• A lot of freebies have been cut out due to the lack of availability. A lot of costs from the sales and marketing system have been cut down. They will continue doing that going forward.
  • Ad spends have been cut till now. Once a normal stocking of brands starts, normal ad spends will resume. This month itself, they will get back to advertising for some of the brands once they have enough product, which will be a temporary phenomenon.
  • They will continue to nurture and build brands for the future. Since it seems everyone is sitting at home and watching television, Mr. Berry is of the opinion that it is the right time to advertise and they will start doing that.
  • Investments will be made in creating new brands and launching new products. But there is the labor shortage issue. Since migrant workers have gone back, Britannia is operating at a lower capacity in every factory. Due to this, prioritization has become important and thus they are staying away from innovations. As soon as there are sufficient workers, they will start unleashing some of the innovative products.
  • Britannia is at the operating leverage cusp and has witnessed a disproportionate jump in margins in the last quarter results. However, its sustainability after a period of time will have to be looked at. The focus will be on unearthing opportunities and making the business efficient going forward.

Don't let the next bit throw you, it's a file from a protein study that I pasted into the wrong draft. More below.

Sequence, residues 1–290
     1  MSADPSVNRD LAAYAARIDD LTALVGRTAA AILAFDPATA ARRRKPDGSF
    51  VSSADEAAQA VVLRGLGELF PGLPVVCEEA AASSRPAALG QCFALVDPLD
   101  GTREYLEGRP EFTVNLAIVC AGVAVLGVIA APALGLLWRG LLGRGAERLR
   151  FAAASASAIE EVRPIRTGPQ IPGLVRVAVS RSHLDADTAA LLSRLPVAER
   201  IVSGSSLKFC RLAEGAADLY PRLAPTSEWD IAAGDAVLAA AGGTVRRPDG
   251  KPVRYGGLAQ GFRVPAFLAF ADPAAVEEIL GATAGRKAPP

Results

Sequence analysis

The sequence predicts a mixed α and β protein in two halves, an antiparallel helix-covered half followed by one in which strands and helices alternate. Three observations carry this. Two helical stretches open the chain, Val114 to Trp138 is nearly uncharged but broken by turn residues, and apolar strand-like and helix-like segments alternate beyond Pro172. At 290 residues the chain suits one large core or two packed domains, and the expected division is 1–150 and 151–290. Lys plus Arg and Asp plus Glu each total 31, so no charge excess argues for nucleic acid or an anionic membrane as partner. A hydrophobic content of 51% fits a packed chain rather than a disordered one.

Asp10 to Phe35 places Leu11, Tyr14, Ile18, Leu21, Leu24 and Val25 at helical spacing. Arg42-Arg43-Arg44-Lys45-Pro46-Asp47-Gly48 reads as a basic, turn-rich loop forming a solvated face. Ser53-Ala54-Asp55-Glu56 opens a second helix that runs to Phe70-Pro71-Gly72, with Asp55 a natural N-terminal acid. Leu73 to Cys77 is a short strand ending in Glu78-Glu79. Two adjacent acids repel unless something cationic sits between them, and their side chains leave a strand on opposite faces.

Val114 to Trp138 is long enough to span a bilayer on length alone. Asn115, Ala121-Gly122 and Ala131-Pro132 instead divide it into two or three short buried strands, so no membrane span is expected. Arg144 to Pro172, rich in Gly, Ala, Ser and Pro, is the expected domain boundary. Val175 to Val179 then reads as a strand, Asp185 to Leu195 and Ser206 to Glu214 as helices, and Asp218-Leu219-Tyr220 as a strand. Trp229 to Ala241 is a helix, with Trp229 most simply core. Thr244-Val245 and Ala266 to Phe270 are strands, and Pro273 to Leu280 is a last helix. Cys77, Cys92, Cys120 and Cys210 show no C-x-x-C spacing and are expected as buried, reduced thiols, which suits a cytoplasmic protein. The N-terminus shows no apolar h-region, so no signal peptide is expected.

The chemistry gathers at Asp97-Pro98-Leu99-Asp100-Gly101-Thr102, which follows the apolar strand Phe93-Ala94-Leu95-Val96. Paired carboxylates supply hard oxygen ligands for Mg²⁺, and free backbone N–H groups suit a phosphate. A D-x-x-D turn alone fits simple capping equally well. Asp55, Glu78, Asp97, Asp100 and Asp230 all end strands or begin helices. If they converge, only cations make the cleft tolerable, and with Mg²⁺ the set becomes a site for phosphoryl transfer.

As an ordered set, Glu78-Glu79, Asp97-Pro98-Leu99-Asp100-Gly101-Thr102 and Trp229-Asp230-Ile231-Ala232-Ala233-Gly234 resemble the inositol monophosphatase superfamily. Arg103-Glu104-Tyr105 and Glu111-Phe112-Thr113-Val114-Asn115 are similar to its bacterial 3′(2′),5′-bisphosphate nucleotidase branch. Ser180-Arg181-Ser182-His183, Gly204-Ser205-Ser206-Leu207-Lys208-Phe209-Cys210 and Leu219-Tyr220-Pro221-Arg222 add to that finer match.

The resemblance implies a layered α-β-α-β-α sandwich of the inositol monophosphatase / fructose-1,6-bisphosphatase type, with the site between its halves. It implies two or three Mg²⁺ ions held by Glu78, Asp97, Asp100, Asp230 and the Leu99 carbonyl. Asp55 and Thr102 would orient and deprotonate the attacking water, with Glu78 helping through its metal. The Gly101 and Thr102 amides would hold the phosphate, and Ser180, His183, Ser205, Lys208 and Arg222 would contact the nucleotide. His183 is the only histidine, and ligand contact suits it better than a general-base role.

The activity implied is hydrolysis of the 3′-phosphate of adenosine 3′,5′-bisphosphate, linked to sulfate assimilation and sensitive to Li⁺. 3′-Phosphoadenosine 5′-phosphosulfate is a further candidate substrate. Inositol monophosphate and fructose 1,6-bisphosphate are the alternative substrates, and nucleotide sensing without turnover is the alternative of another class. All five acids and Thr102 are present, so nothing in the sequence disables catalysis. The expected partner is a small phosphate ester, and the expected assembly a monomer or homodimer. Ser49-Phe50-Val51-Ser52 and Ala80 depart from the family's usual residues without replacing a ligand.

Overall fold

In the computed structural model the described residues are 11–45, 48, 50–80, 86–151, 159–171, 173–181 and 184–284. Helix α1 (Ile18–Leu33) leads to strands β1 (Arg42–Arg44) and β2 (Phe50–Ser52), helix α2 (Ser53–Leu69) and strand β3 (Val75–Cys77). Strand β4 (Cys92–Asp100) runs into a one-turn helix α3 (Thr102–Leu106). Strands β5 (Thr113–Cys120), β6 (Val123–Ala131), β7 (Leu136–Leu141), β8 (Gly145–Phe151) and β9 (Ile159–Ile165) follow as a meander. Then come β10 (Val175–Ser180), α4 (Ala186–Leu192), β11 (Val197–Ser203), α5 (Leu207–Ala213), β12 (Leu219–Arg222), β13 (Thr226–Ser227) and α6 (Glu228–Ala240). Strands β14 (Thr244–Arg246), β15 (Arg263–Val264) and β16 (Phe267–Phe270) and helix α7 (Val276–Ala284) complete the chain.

• From a 4% margin seven-eight years ago to around 15% now, operating margins have certainly improved. There will certainly be progress on the margin but in a slow and steady fashion.

Consensus Estimate: (Source: market screener website)

  • The closing price of Britannia was ₹ 3,458/- as of 4-June-2020. It traded at 51x/ 45x the consensus earnings estimate of ₹ 68.0/76.8 per share for FY21E/ FY22E respectively.
  • The consensus target price of ₹ 3,540/- implies a PE multiple of 46x on FY22E EPS of ₹ 76.8/-.

Disclaimer: “The views expressed are for information purposes only. The information provided herein should not be considered as investment advice or research recommendation. The users should rely on their own research and analysis and should consult their own investment advisors to determine the merit, risks, and suitability of the information provided.”